Calling all coders, designers, and storytellers: The U.S. Navy wants you to build an innovative digital experience, a bold social media campaign, or a live interactive event that will bring to life one of the many stories from the Navy’s 241-year history.
You will have less than 48 hours to complete your project.
Sponsored by Northeastern’s School of Journalism, the idea hackathon will run from 9 a.m. on Saturday, Nov. 5 to 4 p.m. on Sunday, Nov. 6 in 102 West Village G. The deadline to sign up to participate is Thursday, and the first 100 people to register will receive a free T-shirt and bag.
Tapping into ‘the creative energy of the students and the campus’
In order to find new ways to communicate the Navy experience to millennials and members of Generation Z, participants will work closely with web developers from Upstatement; augmented reality experts from Green Door Labs; and advertising industry professionals from Y&R, the Navy’s ad agency.
They will plumb the depths of historical archives and rare datasets, unpack bold social media strategies, and experiment with 360-degree video, harnessing the power of their newfound knowledge to dive deep into the lives of sailors while tacking big themes like history, race, and terrorism.
“The hackathon will take the usual idea of a co-op and turn it inside out,” said Jonathan Kaufman, director of the School of Journalism. “Instead of sending students to the Navy, the Navy will come to Northeastern to tap into the creative energy of the students and the campus.”
Turning to the experts
Y&R turned to Northeastern to host the hackathon for its expertise in digital storytelling and data analytics, which is anchored by the Media Innovation and Information Design and Visualization programs in the College of Arts, Media and Design. “By marrying the traditional values of journalism with the new technology of data analytics,” said Kaufmann, “we are able to create a powerful new medium of data storytelling.”
The hackathon is the latest example of Northeastern’s longstanding tradition of partnering with the military on initiatives aimed at supporting student veterans and interdisciplinary research. Last fall, for example, Northeastern signed a three-year, $20 million cooperative agreement with the U.S. Army Research Laboratory to conduct critical defense research. Earlier in 2015, Northeastern signed a first-of-its-kind agreement with the National Guard, enabling guardsmen to earn their Master of Arts degree in homeland security. And just last month, the university opened a Veterans of Foreign War post, the first to be opened in Massachusetts since 2009 and only the second in the nation to be run by student veterans on a college campus.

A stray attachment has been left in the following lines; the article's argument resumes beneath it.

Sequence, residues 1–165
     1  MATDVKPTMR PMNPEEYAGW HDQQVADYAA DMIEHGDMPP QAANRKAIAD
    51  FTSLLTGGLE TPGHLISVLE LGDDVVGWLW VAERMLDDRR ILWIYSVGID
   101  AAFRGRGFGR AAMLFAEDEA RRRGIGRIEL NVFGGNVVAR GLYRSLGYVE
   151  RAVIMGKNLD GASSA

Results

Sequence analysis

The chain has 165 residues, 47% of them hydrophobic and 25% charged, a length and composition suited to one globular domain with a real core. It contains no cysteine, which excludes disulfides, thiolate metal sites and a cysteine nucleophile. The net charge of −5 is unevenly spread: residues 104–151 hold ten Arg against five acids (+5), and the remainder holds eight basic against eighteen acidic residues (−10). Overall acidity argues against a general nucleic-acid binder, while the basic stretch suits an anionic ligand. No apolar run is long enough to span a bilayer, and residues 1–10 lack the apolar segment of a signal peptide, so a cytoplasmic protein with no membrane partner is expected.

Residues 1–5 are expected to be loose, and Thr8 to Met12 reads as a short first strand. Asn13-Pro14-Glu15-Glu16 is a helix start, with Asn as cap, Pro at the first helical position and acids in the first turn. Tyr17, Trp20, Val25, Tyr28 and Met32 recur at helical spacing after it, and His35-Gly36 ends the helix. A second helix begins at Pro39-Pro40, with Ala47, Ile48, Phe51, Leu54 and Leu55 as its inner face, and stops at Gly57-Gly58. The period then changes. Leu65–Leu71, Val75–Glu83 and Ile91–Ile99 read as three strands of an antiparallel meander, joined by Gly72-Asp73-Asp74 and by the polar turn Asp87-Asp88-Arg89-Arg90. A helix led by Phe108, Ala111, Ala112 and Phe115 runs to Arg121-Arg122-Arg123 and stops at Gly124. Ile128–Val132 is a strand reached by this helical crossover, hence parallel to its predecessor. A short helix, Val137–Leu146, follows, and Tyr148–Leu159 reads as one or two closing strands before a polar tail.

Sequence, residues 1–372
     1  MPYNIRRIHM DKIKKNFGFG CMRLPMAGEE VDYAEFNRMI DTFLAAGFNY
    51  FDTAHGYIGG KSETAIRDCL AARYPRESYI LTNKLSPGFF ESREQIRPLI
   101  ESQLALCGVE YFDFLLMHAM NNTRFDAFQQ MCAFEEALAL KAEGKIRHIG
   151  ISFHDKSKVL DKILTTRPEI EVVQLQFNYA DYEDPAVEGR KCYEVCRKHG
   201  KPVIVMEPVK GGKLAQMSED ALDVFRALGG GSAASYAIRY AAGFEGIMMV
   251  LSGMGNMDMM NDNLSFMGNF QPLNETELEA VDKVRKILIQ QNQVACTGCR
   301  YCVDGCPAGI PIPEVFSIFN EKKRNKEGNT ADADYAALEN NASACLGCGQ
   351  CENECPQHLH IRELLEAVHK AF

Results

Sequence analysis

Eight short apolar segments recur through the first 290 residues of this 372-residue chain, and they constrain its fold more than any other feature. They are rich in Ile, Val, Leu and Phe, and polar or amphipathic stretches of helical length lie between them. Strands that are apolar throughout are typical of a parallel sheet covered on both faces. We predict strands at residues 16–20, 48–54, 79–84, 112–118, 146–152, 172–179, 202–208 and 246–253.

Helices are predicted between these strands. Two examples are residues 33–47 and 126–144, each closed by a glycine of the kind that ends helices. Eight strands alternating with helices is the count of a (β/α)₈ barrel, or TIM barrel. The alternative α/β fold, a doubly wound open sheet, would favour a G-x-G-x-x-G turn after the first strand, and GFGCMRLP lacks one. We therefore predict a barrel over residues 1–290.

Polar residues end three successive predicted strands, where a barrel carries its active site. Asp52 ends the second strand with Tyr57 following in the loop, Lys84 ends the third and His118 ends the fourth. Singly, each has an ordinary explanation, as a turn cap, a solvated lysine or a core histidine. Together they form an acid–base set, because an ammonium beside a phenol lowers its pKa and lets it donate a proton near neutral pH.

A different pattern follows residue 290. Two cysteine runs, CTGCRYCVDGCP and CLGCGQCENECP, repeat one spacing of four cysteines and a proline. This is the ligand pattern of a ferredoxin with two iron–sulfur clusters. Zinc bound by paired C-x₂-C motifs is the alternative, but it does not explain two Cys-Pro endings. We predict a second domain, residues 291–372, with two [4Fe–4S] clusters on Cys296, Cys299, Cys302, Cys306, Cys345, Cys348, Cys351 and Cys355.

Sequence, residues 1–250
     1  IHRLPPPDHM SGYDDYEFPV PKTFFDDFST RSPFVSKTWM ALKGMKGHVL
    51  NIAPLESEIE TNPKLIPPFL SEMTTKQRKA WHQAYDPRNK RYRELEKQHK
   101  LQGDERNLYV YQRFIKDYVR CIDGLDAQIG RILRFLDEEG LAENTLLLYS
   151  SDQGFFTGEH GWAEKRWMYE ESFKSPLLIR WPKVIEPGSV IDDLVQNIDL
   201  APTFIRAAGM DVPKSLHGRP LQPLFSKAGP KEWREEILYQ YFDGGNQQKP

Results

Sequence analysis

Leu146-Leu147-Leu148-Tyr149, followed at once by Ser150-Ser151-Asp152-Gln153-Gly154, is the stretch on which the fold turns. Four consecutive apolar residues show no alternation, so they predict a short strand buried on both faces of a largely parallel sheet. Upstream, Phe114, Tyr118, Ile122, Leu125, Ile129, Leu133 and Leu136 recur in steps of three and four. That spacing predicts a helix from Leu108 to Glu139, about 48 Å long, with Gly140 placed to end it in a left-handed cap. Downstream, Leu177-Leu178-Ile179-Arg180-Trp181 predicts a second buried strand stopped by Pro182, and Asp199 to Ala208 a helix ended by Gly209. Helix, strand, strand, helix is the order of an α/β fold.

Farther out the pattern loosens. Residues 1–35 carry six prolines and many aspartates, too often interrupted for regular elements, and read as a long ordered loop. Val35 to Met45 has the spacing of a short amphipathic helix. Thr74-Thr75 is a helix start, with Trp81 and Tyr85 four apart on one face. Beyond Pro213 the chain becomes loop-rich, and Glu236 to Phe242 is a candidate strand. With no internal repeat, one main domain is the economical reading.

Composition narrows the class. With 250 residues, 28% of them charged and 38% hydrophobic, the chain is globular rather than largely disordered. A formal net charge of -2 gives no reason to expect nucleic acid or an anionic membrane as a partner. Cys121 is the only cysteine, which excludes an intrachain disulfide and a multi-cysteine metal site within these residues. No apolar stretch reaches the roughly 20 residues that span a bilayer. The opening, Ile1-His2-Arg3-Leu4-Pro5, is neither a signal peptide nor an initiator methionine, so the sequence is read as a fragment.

“By marrying the traditional values of journalism with the new technology of data analytics, we are able to create a powerful new medium of data storytelling.”
—Jonathan Kaufman, director of the School of Journalism
How it works
Hackathon participants will spend the first part of Saturday pitching ideas, forming teams, and listening to a trio of lightning talks by a digital guru, a social media expert, and a user experience designer from Y&R. They will spend the second part of the day hacking, cultivating experimental, digital, and social media ideas that cut to the heart of what it means to be in the Navy.
At the end of the weekend, each team will deliver a 10-minute pitch to a panel of judges from Northeastern and Y&R. Projects will be judged on their creativity, their ability to resonate with the target audience, and their overall quality.
Awards will be presented to the first-, second-, and third-place teams. The first-place winner will receive $1,000, a three-month paid fellowship at Y&R, and a VIP Navy experience during Fleet Week. The second-place winner will receive is $750 and five Bluetooth speakers. The third-place winner will receive $500.
“Who better than millennials to share their insights on how the Navy is perceived with younger generations and come up with new and breakthrough ways to reach recruits?” said Ken Dowling, the global client leader for Y&R’s Navy Partnership. “We’re really looking forward to having the students go through the idea hack and tell us how they want to be spoken to. Everything right now is a two-way conversation, so incorporating that generation into the development of insights and messaging makes a lot of sense.”